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The cost of listening to the public – Heathrow Expansion and Flying Shame

Living as I do fairly close to Heathrow Airport, I took up an invitation a few days ago to attend one of the 43 Airport Expansion Consultation events being held between June and September. These events, held in towns and communities from Woking to Wimbledon and Leatherhead to Lambeth, and hosted by Heathrow Airport, are an opportunity for the airport to present plans for the new runway and for individuals to provide feedback. Not up for discussion was the new runway itself; rather, this was an opportunity to see road layouts, plans to divert rivers, phasing of construction and manage the environmental impact of building a new runway. 

 
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I was greeted at the door with the opportunity to take a copy of the “Preliminary Environmental Information Report – Non Technical Summary”, a mere 73 pages of A3 full colour documentation  replete with soothing images of sunsets, happy smiling people, blue skies, rural waterways and bird boxes as well as plenty of acronyms – NTS (Non Technical Summary), DCO (Development Consent Order), PEIR (Preliminary Environmental Information Report) and many more. Was this an expensive PR exercise or a genuine effort to provide information, reassure that – really – every concern had been considered, and seek feedback? 

The staff were attentive and amenable to questions. They were clearly well briefed. This was not like the previous community consultation I had attended for a housing development project where tempers quickly frayed. Like Brexit, have we become so bored by a process which was never meant to take this long that now we are resigned to the outcome whatever it looks like? 

In China, by contrast, where consultation is not factor, the government estimates that it will need an additional 215 airports by 2035. Of course, it’s a bigger country but that is almost a doubling of airports in the time it will take us to reach Phase 3 of the Heathrow airport expansion, according to my glossy consultation report.

While I welcome consultation and the opportunity for the general public to have their say, being guided by what the public want may have its downsides if you are an airport planning for the long term. The airport development is based on a forecast of commercial aviation traffic generated several years ago. I don’t doubt that a new runway is needed. Even from an environmental point of view we need to reduce the excessive circling in the air and waiting on taxiways that aircraft are required to do as long as there is limited runway capacity in the South East of England. But as an aviation forecaster, I am watching the trends more carefully than ever before. Until now, little has impacted the steady increase in air travel. Major events such as a global economic downturn or outbreaks of Asian bird flu have done little to dent the upward trend in air travel. But is it possible that Flygskam – flying shame – the phenomenon taking hold in Sweden where people actively choose not to fly and can boast of choosing the train, is more than a localised and short-lived episode? Admittedly, with its long dark winters, Swedes fly more than most. The number of passengers departing from Swedish airports equates to 2.1 for every person living in Sweden. However, this is only 15% higher than the equivalent figure of 1.8 for the UK.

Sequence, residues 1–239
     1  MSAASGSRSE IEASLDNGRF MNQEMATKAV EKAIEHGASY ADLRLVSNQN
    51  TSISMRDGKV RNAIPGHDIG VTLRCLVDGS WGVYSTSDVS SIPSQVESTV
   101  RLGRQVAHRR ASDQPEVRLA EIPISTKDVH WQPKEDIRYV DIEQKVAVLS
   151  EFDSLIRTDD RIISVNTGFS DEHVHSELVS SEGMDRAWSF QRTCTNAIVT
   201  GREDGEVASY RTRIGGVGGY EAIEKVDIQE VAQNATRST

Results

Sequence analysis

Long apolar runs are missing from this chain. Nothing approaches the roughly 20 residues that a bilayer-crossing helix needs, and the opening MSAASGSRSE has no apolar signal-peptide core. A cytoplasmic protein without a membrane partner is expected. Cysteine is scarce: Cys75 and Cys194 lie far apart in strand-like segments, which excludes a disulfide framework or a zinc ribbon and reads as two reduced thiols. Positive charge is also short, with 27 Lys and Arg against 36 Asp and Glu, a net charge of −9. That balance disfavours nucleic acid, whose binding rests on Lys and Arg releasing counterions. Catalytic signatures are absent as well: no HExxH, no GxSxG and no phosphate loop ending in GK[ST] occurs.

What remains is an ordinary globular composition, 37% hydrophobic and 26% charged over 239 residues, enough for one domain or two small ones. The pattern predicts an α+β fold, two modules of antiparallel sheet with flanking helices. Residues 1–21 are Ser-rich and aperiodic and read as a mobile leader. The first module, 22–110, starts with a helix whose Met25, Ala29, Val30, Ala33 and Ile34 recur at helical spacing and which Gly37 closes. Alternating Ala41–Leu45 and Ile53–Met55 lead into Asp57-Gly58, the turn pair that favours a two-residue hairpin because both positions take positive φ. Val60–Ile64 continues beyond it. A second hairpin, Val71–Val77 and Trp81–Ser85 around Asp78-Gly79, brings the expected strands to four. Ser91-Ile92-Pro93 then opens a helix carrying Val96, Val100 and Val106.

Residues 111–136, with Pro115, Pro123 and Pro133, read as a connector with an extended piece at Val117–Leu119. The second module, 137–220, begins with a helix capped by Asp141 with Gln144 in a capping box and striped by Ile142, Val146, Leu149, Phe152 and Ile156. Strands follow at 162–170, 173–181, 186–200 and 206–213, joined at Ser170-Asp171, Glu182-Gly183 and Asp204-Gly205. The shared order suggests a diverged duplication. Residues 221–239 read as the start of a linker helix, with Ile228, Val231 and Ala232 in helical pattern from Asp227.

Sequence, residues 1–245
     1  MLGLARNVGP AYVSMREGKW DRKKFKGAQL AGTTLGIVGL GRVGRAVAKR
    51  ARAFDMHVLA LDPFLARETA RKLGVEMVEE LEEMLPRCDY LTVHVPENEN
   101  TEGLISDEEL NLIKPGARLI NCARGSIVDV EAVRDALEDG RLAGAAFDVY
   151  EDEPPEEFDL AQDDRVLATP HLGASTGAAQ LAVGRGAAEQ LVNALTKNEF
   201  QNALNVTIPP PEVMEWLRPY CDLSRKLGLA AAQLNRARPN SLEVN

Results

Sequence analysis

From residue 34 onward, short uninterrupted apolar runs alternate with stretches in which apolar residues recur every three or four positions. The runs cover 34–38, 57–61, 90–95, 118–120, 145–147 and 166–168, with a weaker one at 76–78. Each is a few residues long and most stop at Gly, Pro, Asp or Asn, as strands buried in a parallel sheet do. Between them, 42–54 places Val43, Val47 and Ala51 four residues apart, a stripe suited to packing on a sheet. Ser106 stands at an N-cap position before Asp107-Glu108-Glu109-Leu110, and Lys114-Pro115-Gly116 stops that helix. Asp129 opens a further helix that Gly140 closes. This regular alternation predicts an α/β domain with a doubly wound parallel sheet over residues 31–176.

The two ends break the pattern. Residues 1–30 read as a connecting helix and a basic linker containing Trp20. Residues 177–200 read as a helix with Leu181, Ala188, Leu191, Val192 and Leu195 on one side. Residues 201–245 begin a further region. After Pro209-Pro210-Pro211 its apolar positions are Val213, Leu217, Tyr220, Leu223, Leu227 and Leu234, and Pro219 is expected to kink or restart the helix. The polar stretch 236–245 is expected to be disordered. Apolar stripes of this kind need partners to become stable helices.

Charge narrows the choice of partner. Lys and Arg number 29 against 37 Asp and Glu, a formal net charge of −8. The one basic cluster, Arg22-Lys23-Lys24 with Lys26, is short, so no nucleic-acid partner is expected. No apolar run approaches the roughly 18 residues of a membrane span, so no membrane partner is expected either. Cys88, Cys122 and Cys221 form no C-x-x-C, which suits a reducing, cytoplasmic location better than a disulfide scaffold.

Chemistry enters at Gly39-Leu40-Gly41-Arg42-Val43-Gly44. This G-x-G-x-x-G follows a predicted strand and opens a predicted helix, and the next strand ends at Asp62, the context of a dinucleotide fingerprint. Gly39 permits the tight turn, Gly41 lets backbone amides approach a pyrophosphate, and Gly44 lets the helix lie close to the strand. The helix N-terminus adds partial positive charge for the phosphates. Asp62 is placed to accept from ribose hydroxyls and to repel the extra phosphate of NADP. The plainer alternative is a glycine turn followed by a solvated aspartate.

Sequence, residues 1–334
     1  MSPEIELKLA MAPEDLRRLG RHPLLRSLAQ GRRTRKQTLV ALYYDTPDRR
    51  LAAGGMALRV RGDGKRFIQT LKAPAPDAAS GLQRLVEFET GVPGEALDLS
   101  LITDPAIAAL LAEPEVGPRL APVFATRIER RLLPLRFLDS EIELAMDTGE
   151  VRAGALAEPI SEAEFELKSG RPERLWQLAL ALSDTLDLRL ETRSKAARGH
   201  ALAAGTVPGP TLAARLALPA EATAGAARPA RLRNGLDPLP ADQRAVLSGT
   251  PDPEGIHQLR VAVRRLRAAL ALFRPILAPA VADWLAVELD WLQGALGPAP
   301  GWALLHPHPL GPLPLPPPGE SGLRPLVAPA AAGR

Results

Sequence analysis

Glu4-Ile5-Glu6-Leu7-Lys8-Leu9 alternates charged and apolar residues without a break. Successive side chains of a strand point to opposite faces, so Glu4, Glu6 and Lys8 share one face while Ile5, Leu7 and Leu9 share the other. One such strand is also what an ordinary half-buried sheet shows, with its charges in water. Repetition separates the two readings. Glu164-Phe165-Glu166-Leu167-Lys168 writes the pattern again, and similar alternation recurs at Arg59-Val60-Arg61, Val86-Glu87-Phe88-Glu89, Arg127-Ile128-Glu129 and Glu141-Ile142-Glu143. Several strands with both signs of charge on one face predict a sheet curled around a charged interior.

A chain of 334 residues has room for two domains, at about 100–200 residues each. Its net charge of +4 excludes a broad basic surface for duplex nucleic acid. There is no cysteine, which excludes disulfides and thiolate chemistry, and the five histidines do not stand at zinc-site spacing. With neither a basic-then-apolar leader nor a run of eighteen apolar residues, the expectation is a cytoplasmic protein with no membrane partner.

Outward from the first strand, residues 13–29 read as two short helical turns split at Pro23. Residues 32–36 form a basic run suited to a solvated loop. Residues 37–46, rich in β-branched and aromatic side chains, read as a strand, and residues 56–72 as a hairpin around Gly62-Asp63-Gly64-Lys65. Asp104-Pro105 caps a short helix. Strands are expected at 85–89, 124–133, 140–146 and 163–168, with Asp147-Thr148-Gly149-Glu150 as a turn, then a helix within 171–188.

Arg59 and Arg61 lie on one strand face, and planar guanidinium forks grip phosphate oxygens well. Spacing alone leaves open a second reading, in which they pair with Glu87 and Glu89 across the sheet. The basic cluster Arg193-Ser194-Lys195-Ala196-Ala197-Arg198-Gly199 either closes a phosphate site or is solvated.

Concern about CO2 emissions and the impact on the climate is the reason for the changing habits. For many working in the aviation sector it is almost unthinkable that upward trends in air travel could come to a halt, or even reverse but if we look at trends in meat consumption in the UK, we have seen a dramatic shift in a short space of time such that around one in eight of the British population now claims to be vegetarian or vegan and another 21% are ‘flexitarian’. Overall, around a third of the population are eating substantially less meat than just a few years ago and much of this can be attributed to concern for the CO2emissions associated with meat consumption. 

The airport expansion consultation feedback form is an A4 document with 14 pages for open-ended responses to 24 questions about the development, plus a further two blank pages in case I run out of space elsewhere. I’m left wondering what happens if the public decide en masse that they don’t want to fly twice as much as they do today.

Click here for more information on the Heathrow Airport consultation. 

-Becca Rowland

MIDAS Aviation